Heroin Epidemic Hits Frederick

Tim Rivard

All across the country, there is a serious epidemic of heroin and opioid abuse. Every year tens of thousands of people die. Regardless of age, sex, race, or economic status, these drugs kill indiscriminately, and the outbreak is getting worse.

Opioids are a class of drugs that bind to receptors in the brain, providing a “rush” or an intense euphoric sensation. Most opioids are legal with a prescription; these include oxycodone (OxyContin®), hydrocodone (Vicodin®), codeine, morphine, fentanyl and, of course, illegal drugs like heroin.

Most of the time, the addiction starts with a legitimate injury such as a car accident or a fall down the stairs. For serious injuries like these, the doctor will likely prescribe a powerful painkiller to help with recovery. However, these drugs are very potent and they are very easy to abuse. Sadly, for many addicts, this is how their problem starts.

Like most other drugs, once someone begins abusing opioids their body will develop a tolerance, meaning that more of the drug is required to achieve the same high. This is why overdosing is so dangerous; addicts are mostly guessing at their doses and often they take far too much. When someone overdoses they will display a number of symptoms including pinpoint pupils, weak pulse, loss of consciousness, turning blue,and gurgling sounds to name a few. This happens because the activation of opioid receptors in the brain results in inhibition of the central nervous system. When the amount of drugs exceeds the user’s capacity, the nervous system essentially shuts down; your body literally forgets to breathe.

Arguably the worst part of the opioid drug epidemic is the strength of the addiction. Once addicted, people physically cannot stop taking the drug or they will become violently ill. Known as withdrawal, symptoms include vomiting, diarrhea, hot/cold sweats, trembling, muscle pain, insomnia and more. Addicts will stop at nothing to get their fix. When you are addicted to opioids, nothing else matters, not your family, not your job, and not your friends.

Fatalities from opioid overdoses are on the rise, increasing 400% between 1999 and 2010 in women and 237% in men. In 2015, 20,101 people died as a result of prescription painkiller abuse, with another 12,990 dying from heroin overdoses. In Frederick County the problem is just as bad; in 2012 there were 21 recorded overdoses in Frederick, so far in 2016 there have been 350. Luckily, many of these people have been saved by first responders using the drug naloxone, which if used in time, can reverse the effects of an opioid overdose by blocking the corresponding receptors in the brain. Many of the heroin overdoses are due to dealers lacing their heroin with more powerful drugs like fentanyl, which is used commercially as an elephant tranquilizer and is 50-100 times more potent than morphine.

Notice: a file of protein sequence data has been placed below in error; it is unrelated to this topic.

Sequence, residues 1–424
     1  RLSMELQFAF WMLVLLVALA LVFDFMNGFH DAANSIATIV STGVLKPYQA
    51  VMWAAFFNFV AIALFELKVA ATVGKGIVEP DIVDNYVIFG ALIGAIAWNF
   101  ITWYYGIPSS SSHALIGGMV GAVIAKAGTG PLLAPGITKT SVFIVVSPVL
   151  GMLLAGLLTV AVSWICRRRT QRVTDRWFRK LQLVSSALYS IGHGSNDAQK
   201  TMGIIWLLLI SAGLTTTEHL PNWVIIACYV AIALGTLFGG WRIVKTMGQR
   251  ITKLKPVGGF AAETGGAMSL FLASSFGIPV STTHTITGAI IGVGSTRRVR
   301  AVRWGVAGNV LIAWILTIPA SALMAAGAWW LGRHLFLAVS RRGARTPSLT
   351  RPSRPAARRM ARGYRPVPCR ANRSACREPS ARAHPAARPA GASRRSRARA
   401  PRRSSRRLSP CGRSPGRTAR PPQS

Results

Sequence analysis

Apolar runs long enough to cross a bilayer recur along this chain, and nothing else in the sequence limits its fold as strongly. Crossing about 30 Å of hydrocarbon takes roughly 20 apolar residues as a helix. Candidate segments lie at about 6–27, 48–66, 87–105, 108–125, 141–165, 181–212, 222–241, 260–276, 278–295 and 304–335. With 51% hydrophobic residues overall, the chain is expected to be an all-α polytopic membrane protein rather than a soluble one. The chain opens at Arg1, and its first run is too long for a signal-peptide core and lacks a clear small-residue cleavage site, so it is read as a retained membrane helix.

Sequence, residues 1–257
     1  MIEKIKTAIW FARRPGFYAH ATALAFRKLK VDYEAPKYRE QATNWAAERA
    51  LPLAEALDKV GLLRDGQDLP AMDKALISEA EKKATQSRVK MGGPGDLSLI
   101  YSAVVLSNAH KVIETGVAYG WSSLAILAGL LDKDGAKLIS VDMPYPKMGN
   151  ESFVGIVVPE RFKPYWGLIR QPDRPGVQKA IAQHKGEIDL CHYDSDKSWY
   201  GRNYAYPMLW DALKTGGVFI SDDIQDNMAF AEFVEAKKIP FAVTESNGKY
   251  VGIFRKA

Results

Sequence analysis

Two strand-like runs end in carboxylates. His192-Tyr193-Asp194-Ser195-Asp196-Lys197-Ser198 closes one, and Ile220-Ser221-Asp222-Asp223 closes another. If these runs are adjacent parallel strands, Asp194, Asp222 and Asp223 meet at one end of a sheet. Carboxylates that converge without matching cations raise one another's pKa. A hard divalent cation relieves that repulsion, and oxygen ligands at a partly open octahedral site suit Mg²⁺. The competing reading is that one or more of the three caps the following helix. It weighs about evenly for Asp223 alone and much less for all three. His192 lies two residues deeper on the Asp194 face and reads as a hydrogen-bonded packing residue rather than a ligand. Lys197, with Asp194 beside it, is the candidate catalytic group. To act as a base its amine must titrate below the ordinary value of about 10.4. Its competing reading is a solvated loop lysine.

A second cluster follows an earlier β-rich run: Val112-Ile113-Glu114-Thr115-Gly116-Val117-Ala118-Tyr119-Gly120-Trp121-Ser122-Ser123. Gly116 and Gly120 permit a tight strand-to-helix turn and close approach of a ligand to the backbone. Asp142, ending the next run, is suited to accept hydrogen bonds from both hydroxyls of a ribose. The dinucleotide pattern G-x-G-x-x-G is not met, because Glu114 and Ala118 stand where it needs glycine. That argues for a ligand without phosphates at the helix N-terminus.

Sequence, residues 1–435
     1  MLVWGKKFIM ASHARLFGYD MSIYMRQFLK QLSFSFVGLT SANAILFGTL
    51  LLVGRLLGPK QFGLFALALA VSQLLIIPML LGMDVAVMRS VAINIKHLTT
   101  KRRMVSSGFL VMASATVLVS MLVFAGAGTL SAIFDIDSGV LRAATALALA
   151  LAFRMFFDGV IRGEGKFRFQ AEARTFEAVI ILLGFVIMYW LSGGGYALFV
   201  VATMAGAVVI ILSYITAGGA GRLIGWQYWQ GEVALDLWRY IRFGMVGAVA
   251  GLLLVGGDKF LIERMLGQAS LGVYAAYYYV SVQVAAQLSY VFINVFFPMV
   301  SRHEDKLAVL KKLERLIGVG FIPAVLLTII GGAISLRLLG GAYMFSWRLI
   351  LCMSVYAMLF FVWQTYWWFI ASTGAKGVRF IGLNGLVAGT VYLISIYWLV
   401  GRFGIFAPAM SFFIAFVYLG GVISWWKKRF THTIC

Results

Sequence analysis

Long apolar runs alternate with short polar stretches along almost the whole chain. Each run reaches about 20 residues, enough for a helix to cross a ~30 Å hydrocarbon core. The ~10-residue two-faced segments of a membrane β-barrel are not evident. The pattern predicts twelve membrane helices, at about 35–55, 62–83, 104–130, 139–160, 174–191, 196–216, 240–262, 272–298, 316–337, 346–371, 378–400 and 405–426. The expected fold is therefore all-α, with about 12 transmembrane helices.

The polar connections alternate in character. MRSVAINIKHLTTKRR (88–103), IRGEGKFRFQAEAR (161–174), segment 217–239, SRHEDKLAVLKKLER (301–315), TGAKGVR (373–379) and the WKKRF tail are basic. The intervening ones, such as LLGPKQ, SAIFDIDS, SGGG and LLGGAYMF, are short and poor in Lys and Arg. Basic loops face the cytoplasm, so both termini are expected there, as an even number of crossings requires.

The most important thing for an addict to do is to get help, Rehab practices are improving rapidly. By refusing help, a user is putting his/her life in jeopardy.

According to Deputy Stocks, the heroin problem in Frederick county is just as bad as anywhere else and should not be taken lightly. He stresses that the best thing anyone can do is to get help, learn to recognize warning signs and take the necessary precautions to make sure you and your family remain safe. Stocks said “There is much more help available now than there used to be”.

It is more important than ever to be on the lookout for opioid abuse. Nobody ever plans to become a heroin addict, but once the problem starts, victims cannot fight it alone. Opioid addiction is not a problem limited to rural counties in the middle of nowhere, or to the inner city. It is right here, right now in Urbana affecting students.

An anonymous Urbana student describes the problem in heartbreaking detail, saying “I personally lost someone close to my to opioid addiction, and it is a horrible epidemic. They started by simply taking a few too many of their prescribed pain medication, and it didn’t take long for them to get addicted. It was really painful to watch them become so reliant on it, and to give up their job, school, and friends just so they could get another fix. They started stealing money to buy more, and when the they couldn’t get it, they would go through periods of withdrawal, and were constantly shaky, sweaty, irritable, and angry. I miss them every day, but I miss the old them. I’m not quite sure I miss the version of them that the drugs created.”

Do not let this happen to you, or anyone you love. Take the necessary steps to recognize, report and handle opioid addiction; doing so will save lives. If you or someone you know is addicted to heroin or other opioids, you can obviously call 911 (especially if someone is overdosing), you can call your local police department, or you can call one of the many heroin/drug crisis hotlines. All of these options can help get an addict the life saving treatment they need.